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Velodyne DD18 Powered Subwoofer (18") with Built-In Digital EQ

Part II - The Sound, On the Bench, and Conclusions

December, 2003

John E. Johnson, Jr.

 

The Sound

OK, so how does this Digital Drive subwoofer sound? In a word, fabulous. I like to have maximum servo-feedback, so I set up a Preset with the maximum (8). The entire house shook with this subwoofer, but the overall response was so much more natural than it used to be with no EQ in the system. It worked with my other subwoofers, even though they are older models with no EQ.

Since I use a digital projector with component video, I simply switched to S-Video in order to make any adjustments in volume or other parameters on the DD18, then back to the movie on component video.

Moving the servo-feedback to a lower setting produced more of a boomy sound that some people like, but I do not. (The boominess is a manifestation of more harmonic distortion.) So, regardless of the other parameters, I would use servo-feedback set at 8 for all Presets.

In practice, I measured SPLs at about 95 dB - 100 dB when watching some of my favorite action films that have crash, bang, boom galore.

On the Bench

I made these measurements using Presets that let me compare THD with minimum servo-feedback (Theater/Music setting 1) and maximum servo-feedback (Theater/Music setting 8). The measurement microphone was placed 4" from the front of the driver. For maximum SPL measurements, the microphone was 18" from the front of the driver.

At 15 Hz and 100 dB, and servo setting 1, THD was 4%. Maximum SPL was 100 dB.

With the servo setting at 8, THD dropped to 3%. So, the servo does its job.

At 20 Hz, maximum SPL was 103 dB, and THD was less than 2.5% with servo setting 1.

Servo setting 8 reduced THD to less than 2% at 20Hz.

At 25 Hz, maximum SPL was 110 dB. Servo setting 1 gave a THD at just less than 2%.

THD was reduced to slightly more than 1.5% with servo setting 8, at 25 Hz. These are all very good performance results regardless of the servo setting.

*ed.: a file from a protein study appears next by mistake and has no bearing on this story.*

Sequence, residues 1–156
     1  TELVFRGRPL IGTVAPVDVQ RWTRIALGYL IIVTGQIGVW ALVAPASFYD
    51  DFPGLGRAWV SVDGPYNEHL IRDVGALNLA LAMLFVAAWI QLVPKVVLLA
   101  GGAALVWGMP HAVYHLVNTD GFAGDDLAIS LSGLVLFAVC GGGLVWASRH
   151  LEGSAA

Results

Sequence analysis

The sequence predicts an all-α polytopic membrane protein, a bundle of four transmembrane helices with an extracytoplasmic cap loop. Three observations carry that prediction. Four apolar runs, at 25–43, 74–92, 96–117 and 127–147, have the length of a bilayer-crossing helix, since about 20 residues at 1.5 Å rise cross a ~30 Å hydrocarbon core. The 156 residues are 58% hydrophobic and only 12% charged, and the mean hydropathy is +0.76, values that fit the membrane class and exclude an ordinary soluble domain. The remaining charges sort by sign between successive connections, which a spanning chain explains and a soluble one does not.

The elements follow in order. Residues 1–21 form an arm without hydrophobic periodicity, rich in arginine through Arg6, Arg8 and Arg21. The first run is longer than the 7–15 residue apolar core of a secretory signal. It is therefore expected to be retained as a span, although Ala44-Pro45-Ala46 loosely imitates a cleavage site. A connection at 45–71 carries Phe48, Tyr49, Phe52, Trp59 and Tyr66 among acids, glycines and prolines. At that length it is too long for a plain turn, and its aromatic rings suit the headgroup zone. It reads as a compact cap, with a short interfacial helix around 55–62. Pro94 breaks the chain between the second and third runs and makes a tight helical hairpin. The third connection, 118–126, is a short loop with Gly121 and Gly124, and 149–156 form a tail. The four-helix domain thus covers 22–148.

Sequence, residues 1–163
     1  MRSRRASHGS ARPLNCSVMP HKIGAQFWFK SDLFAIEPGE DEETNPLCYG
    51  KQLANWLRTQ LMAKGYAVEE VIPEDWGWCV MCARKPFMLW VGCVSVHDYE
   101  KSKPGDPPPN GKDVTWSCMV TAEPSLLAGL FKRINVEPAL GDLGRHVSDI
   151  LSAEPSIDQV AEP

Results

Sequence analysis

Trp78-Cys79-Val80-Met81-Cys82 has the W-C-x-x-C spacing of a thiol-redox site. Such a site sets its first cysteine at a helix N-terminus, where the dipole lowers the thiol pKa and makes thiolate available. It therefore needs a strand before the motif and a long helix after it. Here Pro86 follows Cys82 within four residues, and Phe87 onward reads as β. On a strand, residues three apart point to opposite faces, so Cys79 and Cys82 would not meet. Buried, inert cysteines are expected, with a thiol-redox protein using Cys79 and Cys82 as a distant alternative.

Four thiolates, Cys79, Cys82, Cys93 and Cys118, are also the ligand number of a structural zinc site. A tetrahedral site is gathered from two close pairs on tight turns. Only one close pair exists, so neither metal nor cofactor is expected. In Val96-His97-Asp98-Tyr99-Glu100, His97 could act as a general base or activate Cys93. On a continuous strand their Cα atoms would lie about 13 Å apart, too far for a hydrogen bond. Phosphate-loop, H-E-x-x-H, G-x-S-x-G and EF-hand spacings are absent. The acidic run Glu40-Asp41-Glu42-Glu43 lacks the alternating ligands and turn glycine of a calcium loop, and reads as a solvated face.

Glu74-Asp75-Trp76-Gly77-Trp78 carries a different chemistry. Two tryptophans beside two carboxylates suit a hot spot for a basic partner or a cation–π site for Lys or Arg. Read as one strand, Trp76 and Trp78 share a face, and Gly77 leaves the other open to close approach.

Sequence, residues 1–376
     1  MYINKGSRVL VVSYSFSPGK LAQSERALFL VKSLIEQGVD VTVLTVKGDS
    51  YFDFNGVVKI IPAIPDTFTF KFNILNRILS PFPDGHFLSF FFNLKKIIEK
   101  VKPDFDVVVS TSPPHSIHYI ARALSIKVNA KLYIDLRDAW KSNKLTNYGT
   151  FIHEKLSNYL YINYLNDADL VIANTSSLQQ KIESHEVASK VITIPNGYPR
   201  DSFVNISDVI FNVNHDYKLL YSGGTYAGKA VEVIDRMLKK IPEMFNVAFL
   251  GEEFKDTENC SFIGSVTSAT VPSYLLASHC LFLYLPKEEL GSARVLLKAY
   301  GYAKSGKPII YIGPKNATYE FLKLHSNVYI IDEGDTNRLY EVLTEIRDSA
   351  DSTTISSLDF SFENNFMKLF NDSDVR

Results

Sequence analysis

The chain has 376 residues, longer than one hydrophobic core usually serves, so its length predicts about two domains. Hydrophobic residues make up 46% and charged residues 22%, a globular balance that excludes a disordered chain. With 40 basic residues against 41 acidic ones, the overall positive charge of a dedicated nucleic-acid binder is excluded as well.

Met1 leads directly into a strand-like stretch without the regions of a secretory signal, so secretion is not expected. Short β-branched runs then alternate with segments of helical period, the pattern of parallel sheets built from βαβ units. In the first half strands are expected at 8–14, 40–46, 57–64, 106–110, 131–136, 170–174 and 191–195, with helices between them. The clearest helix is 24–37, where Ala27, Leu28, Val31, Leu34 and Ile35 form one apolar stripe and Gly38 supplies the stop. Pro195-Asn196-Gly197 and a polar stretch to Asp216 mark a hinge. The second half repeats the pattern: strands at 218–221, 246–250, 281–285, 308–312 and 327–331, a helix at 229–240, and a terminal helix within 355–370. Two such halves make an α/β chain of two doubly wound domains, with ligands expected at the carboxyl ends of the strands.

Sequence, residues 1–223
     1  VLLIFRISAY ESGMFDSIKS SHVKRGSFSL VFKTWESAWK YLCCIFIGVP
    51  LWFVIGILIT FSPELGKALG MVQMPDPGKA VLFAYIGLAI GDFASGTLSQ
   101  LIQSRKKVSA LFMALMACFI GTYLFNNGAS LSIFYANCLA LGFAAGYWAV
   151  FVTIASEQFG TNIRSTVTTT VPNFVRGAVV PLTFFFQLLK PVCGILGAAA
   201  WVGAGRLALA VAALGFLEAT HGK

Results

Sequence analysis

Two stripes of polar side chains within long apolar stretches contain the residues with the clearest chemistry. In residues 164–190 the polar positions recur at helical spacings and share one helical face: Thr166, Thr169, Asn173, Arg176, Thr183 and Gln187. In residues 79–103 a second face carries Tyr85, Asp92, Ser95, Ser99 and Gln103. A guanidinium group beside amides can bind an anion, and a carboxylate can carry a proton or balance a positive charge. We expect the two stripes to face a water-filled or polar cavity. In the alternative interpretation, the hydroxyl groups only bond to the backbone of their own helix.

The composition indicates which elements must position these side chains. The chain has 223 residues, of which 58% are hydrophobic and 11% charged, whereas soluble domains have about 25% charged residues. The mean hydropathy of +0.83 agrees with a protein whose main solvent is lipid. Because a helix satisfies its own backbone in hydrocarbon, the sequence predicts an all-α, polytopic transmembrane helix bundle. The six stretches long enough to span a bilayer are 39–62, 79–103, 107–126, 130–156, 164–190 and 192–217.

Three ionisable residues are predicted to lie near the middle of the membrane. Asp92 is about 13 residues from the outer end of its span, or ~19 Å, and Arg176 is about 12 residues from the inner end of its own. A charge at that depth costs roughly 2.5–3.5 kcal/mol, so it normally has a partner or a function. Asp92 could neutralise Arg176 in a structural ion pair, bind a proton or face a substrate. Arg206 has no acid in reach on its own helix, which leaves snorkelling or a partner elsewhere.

At 31.5 Hz, maximum SPL was 117 dB. This is really room shaking volume, and distortion was at 1.24% at 100 dB, and servo setting 8. At this, and other higher frequencies, I did not find significant differences in the amount of THD with respect to the particular servo setting.

I obtained 120 dB maximum SPL at 40 Hz. THD at 100 dB was less than 1%.

THD was less than 0.75%, using servo setting 8, and 100 dB at 50 Hz. Maximum SPL was 122 dB.

At 100 Hz, maximum SPL was 123 dB. THD was 0.57%.

The MLS quasi-anechoic frequency response is shown below. Remember that MLS is a very unflattering way to look at bass response, and the measured room response shown in Part I is ample evidence of how important the room is to getting plenty of bass. The addition of digital EQ shows how flat you can actually get the response when applied. The impulse response shows an initial negative swing, followed by a positive one. This is easily remedied by changing the polarity in the system settings menu, but all variations should be tried in the listening, since the subwoofer is in a different position than the other speakers.

Conclusions

Velodyne's new Digital Drive series is a huge advance in subwoofer technology. You only need one to work with several subwoofers, and it corrects the biggest problem we have in low frequencies for our home theaters, those dips and peaks.

Even if you are not in the market for a subwoofer, you need to hear this new technology so you know what can be had, when you do get around to planning for that new sub.

We are awarding Velodyne our Best of 2003 for Subwoofer Technology. Congratulations to a fine company!


- John E. Johnson, Jr. -

 

Copyright 2003 Secrets of Home Theater & High Fidelity

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